Maher’s orangutan scenario is obviously a joke, even if you weren’t aware that he was satirising Trump’s spurious “birtherism” campaign, which demanded proof Obama wasn’t born outside the US and therefore constitutionally barred from being president.
No doubt it was hurtful for Trump to have his late mother cast as a depraved lunatic, but most jokes have a butt. Second, Trump had inserted himself bruisingly into the political arena with a prolonged racist dog whistle accusing the sitting President of perpetrating a fraud on the American people. Third, satire, of necessity, must land like a hammer blow or be stiletto sharp since power and privilege bestow a protective layer of rhinoceros-hide effectiveness.
Mother Trump’s walk on the wild side pales in comparison with the most famous example of satire in English literature, Jonathan Swift’s A Modest Proposal (1729). Swift’s target was indifference to poverty and Britain’s treatment of Ireland; his mock solution was for the poor Irish to sell their children to the rich English as food: “A young healthy child, well nursed, is, at a year old, a most delicious, nourishing and wholesome food, whether stewed, roasted, baked or boiled; and I make no doubt it will equally serve in a fricassee or a ragout.” In his day job, incidentally, Swift was dean of St Patrick’s Cathedral, Dublin.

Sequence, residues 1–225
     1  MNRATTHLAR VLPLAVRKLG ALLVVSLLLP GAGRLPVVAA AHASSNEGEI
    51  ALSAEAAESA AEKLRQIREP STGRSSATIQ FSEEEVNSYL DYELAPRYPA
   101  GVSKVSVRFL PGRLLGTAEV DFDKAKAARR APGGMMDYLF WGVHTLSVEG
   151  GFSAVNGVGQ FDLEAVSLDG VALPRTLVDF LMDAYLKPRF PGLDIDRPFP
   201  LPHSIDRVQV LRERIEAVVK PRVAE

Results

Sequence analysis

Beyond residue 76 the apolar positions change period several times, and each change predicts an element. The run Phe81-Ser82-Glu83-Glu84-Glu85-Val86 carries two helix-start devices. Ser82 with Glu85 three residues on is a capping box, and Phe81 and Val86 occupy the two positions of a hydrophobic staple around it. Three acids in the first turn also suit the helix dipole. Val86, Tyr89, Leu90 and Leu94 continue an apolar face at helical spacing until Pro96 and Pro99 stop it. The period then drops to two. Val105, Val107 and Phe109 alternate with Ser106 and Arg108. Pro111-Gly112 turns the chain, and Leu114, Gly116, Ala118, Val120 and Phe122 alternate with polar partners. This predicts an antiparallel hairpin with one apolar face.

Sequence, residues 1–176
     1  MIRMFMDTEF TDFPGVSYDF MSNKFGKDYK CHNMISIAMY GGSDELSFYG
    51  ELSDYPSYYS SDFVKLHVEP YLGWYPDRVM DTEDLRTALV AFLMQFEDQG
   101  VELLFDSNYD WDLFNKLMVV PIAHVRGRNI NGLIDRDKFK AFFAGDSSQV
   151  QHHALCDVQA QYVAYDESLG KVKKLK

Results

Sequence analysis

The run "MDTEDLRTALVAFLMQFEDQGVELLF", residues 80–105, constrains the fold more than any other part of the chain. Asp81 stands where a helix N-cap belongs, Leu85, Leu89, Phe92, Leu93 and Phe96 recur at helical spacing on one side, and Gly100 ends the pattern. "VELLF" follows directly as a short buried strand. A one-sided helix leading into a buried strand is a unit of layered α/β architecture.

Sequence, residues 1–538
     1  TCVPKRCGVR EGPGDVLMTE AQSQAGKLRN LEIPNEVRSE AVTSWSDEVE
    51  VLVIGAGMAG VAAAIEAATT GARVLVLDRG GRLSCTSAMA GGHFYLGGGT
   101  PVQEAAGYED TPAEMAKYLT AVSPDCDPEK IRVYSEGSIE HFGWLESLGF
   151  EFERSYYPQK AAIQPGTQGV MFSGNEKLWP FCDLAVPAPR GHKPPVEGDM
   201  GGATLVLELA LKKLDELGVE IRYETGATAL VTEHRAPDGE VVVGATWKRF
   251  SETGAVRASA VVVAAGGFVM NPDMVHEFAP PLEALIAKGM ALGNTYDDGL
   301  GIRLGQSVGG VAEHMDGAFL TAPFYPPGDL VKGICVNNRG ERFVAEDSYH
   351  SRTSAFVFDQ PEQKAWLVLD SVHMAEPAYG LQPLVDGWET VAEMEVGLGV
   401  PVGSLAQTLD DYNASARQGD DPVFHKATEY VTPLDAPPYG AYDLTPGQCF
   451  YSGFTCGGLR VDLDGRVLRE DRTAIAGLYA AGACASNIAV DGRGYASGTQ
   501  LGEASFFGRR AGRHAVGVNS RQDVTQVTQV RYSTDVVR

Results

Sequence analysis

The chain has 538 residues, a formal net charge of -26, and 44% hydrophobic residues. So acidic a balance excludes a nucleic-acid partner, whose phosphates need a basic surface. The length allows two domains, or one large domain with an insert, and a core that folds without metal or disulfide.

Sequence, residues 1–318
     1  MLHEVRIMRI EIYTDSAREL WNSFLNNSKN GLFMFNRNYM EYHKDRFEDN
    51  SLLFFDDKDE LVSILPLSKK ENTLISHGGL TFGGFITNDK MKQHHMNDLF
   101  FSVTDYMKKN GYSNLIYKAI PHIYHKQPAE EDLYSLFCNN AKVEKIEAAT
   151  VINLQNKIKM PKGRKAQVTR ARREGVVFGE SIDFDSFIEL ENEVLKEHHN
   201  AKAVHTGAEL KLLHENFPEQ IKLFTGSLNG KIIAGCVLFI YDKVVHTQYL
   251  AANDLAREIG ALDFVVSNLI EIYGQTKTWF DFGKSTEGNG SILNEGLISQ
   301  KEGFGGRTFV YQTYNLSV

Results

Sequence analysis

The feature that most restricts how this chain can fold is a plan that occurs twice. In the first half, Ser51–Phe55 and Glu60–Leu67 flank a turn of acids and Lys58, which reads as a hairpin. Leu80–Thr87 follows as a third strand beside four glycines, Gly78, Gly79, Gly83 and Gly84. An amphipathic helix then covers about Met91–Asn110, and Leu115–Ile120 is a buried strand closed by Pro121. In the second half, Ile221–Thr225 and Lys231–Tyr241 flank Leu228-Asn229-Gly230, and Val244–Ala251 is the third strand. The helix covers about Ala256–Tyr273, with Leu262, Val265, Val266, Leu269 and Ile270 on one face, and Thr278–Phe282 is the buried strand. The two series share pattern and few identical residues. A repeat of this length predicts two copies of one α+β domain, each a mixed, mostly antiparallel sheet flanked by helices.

Naturally, Trump unleashed the lawyers – their letter began, “Attached hereto is a copy of Mr Trump’s birth certificate demonstrating that he is the son of Fred Trump, not an orangutan” – and vowed to sue if Maher didn’t cough up the US$5 million. Not surprisingly, the lawsuit never eventuated. In Hustler Magazine v Falwell (1998), the Supreme Court ruled that a parody advertisement in which Moral Majority founder Jerry Falwell admitted his “first time” was a drunken encounter with his mother in an outhouse, while false, didn’t entitle him to damages for emotional distress because it was so obviously ridiculous and a universally disbelieved allegation conferred no liability. (Maher: “Do these morons even know it’s impossible for people and apes to produce offspring?”)